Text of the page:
Last fall I posted a blog entry entitled, “The Warriors of Autumn” in which I poured out some feelings on the game of football. The days are getting shorter, the nights are getting crisp, and once again the season of the gridiron gladiator is upon us.
I think for many who have been football fans since the days of youth, we passed through several phases. When we were very young we played sandlot games, and if we were lucky there was a Pop Warner or Pee Wee league to be part of. Later may have come a city recreation league, and then on to the first experience to be cut; junior varsity.
Those who weather the first storm usually move on to high school, and for most that marks the end of their organized football playing days.
We watch and cheer with pride for those who excelled past our own achievements, as they climbed to greater heights. Onward to the ranks of college, and possibly to mount the national stage and bask in the glory of a Bowl Game. Then a very fortunate, talented, and select few will ascend to the level of professional, and stand among the legends of The National Football League.
Maybe this is why we form such staunch loyalties to an NFL team. We remember when we played Pee Wee and our helmets were adorned with the image of a bird, a star, a leaping cat, or a warriors lance. Those images remain a part of us, and on an emotional level, we hold fast to the dream of taking the field and marching to victory.
As time takes its toll on our physical abilities, the reality eventually sets in that we will never stand in those hallowed places and hear the roar of the crowd, at least not as players. However, that personal realization does nothing to stem our love of the game, and while baseball is still regarded as the national pastime, it will never tap the primal instincts like the game of football.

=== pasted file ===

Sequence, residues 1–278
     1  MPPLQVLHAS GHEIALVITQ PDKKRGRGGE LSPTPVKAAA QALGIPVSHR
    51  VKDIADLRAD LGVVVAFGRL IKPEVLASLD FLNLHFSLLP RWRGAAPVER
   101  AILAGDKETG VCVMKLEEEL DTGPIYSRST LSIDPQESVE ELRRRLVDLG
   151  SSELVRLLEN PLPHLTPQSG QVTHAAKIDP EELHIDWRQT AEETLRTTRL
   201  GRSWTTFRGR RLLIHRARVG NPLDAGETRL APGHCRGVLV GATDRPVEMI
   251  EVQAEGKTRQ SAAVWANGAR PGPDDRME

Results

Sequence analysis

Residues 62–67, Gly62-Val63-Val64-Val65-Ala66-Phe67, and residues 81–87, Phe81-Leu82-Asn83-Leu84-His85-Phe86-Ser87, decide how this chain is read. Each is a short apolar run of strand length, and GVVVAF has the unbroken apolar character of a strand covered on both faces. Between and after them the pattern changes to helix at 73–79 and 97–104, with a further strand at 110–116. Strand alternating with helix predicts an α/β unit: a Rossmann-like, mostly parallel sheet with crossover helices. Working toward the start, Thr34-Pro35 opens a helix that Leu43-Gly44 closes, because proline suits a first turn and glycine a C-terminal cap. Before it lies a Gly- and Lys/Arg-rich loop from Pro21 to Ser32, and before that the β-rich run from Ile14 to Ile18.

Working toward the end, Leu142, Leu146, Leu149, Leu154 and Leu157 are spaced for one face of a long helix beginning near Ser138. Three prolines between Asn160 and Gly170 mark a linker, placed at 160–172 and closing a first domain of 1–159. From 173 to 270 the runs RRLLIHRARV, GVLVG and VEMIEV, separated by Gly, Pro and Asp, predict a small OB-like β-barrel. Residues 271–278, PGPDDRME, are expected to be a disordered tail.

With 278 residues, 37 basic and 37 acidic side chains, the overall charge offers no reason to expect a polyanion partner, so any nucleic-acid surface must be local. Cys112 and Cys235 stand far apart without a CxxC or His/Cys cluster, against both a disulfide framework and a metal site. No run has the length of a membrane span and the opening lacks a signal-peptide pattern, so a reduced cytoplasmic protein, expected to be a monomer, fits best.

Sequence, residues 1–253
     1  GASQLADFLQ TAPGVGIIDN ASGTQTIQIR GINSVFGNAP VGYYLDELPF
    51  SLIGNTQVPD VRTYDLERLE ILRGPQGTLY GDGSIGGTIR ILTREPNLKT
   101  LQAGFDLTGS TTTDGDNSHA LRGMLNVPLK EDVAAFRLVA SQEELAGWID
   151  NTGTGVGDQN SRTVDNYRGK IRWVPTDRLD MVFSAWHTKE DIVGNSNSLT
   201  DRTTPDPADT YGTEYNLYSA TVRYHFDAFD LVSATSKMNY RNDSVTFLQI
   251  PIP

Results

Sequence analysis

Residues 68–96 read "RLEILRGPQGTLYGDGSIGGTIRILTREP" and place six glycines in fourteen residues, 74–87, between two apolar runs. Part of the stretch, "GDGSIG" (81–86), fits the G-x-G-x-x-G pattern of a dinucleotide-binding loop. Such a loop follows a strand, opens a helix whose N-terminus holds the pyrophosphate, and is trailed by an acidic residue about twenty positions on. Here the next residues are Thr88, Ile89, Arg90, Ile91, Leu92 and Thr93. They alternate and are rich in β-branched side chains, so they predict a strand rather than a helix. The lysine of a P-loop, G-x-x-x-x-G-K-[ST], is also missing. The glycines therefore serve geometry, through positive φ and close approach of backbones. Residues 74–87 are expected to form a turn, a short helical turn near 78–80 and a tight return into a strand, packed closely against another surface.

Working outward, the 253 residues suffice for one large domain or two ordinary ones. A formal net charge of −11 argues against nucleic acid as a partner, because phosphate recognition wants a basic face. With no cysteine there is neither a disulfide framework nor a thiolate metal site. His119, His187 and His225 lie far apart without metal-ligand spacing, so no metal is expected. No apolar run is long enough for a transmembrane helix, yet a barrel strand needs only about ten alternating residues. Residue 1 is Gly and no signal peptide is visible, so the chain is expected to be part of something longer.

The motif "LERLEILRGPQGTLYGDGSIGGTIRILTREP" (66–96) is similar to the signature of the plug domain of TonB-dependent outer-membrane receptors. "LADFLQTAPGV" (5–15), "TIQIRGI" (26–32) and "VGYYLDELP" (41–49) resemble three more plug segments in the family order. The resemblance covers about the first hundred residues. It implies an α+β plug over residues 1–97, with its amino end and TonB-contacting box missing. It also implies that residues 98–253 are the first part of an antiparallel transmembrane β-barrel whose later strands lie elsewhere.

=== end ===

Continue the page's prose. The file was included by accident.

The ancient Greeks prized the image of the physical athlete, and their art showcased the human form in many ways. The Spartan soldiers were the finest trained warriors of their time, and in that era the goal was achieved through physical prowess and teamwork.
The first Olympic competitors were those who excelled at various athletic skills, and their feats were rewarded with laurels from their rulers and their fans, a tradition that survives to this very day.
I can only imagine the ancient Greeks would look upon the modern football player as a prime example of physical artwork, especially since many of them display a level of fitness unmatched by other athletes.
Consider the combination of skills the gridiron champion must possess, the speed of a track sprinter, the footwork of a soccer player, the raw strength of a wrestler, the grace and agility of a dancer; all employed in a game that combines the toughness of rugby and the hard-hitting impact of hockey.
In the time of ancient Rome, the art of the warrior and the skill of combat were put on public display in the Coliseum. The deadly games of the Roman gladiators turned the horrors of war into a bloodsport that the public could watch in relative safety, and the more they watched, the greater their thirst became.